Listen Up Dads! Paternal Weight and Obesity Influences Sperm Epigenetics
The obesity epidemic is a widely discussed, but controversial topic. Although diet and exercise are the best way to combat weight gain, some people seem to gain weight easier than others and have a more difficult time getting rid of it. The role of maternal and prenatal nutrition is concretely linked to offspring metabolic health. However, evidence also suggests that paternal factors contribute to the inheritance of obesity and obesity-related traits, and that children of obese fathers are born with a higher risk of developing metabolic disease later in life, independent of the body weight of their mother.1 A recent paper by Donkin et al. investigates the impact of paternal body weight on sperm maturation and shows that weight loss is able to remodel the epigenetic signature of spermatozoa in obese men.
The group first looked at epigenetic patterns of spermatozoa in obese, glucose intolerant men compared to lean, normal-glucose tolerant men. They tackled the epigenome from three different directions: they used 1) MNase-seq to look at nucleosome positioning and chromatin landscape, 2) sncRNA-seq to evaluate the expression of small, regulatory RNAs, and 3) RRBS to investigate DNA methylation in pure, motile spermatozoal fractions.
First, they found that in obese versus lean men, spermatozoal nucleosome positioning is not altered, suggesting that post-translational modifications of chromatin-organizing proteins such as histones and protamines may not play a large role in passing on traits related to obesity. However specific miRNAs, piRNAs, tRFs, and snRNAs showed altered expression between obese and lean men. Lastly and most significantly, they found 9,081 genes with altered DNA methylation status in spermatozoa from obese men. Of these differentially methylated genes, those related to regulation of CNS development and functions were over-represented, suggesting that children born to obese fathers may have altered brain development and phenotypes. Additionally, the change observed in sperm DNA methylation is consistent with other studies showing association between paternal obesity and altered DNA methylation of imprinted genes in the cord blood cells of offspring.2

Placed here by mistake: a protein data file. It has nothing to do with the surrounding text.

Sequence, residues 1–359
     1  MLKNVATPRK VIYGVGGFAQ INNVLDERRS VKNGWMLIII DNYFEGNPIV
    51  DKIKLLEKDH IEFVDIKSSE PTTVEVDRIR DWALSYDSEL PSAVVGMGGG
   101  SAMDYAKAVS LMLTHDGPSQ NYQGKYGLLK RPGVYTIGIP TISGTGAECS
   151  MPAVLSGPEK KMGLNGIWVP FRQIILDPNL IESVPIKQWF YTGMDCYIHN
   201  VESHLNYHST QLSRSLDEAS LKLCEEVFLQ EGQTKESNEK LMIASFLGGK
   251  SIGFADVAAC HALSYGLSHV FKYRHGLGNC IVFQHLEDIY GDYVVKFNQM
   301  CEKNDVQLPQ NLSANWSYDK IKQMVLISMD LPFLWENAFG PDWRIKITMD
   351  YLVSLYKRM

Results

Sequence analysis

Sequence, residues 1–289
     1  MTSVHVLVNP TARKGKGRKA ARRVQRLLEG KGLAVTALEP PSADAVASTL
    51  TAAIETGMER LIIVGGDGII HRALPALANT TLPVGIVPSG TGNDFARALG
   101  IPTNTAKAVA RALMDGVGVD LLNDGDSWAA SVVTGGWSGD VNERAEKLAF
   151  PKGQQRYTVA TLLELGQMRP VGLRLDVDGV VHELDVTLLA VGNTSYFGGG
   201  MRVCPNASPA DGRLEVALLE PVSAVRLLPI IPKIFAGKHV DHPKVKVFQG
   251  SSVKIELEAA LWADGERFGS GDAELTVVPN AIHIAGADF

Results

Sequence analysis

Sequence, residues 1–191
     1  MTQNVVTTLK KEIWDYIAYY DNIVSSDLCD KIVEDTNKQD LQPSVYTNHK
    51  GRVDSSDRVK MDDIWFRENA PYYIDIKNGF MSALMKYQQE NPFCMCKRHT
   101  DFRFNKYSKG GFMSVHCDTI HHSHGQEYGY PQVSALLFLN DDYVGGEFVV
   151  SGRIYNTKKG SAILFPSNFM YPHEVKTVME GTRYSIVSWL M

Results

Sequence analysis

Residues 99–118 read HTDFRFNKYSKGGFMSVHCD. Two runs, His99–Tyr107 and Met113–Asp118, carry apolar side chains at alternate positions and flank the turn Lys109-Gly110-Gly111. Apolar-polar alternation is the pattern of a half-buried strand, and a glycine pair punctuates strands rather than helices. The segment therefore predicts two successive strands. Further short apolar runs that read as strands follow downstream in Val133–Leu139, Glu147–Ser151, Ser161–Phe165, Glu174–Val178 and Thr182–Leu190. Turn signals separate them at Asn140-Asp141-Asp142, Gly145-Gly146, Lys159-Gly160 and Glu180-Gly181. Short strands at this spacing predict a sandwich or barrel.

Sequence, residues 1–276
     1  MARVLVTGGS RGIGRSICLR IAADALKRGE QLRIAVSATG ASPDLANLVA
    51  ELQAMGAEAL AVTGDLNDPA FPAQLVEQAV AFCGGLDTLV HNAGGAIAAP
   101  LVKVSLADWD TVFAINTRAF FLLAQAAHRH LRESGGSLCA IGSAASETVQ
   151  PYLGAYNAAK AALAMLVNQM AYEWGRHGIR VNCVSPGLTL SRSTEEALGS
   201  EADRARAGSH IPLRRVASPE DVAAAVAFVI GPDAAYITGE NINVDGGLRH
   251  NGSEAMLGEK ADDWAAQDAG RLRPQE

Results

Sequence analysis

To investigate whether these obese-related methylation changes are reversible through weigh loss, the team next compared sperm from morbidly obese men before and after bariatric surgery. Sperm samples were collected one week before surgery, one week after, and one year after surgery once weight loss had stabilized. Comparisons identified differential methylation in 1,509 unique genes 1 week after surgery and in 3,910 genes after 1 year, suggesting that weight loss is able to induce changes in the sperm epigenome. Although sperm takes 3 months to mature, significant changes in the epigenome were observed after only one week. The authors hypothesize that this suggests that DNA methylation patterns are solidified during the last stages of sperm maturation.
Donkin et al. shows for the first time that obesity in men leaves a distinguishable epigenetic signature on their sperm that is capable of being passed on to their children. Possibly more significant, they also show that obesity-related changes in sperm DNA methylation can be reversed by weight loss, adding to growing evidence that paternal health and diet is equally important as maternal lifestyle for offspring health and development.
Donkin, I., Versteyhe, S., Ingerslev, L., Qian, K., Mechta, M., Nordkap, L., Mortensen, B., Appel, E., Jørgensen, N., Kristiansen, V., Hansen, T., Workman, C., Zierath, J., & Barrès, R. (2015). Obesity and Bariatric Surgery Drive Epigenetic Variation of Spermatozoa in Humans Cell Metabolism DOI: 10.1016/j.cmet.2015.11.004
1. Lake, J., Power, C., & Cole, T. (1997). Child to adult body mass index in the 1958 British birth cohort: associations with parental obesity Archives of Disease in Childhood, 77 (5), 376-380 DOI: 10.1136/adc.77.5.376
2. Soubry A, Murphy SK, Wang F, Huang Z, Vidal AC, Fuemmeler BF, Kurtzberg J, Murtha A, Jirtle RL, Schildkraut JM, & Hoyo C (2015). Newborns of obese parents have altered DNA methylation patterns at imprinted genes. International journal of obesity (2005), 39 (4), 650-7 PMID: 24158121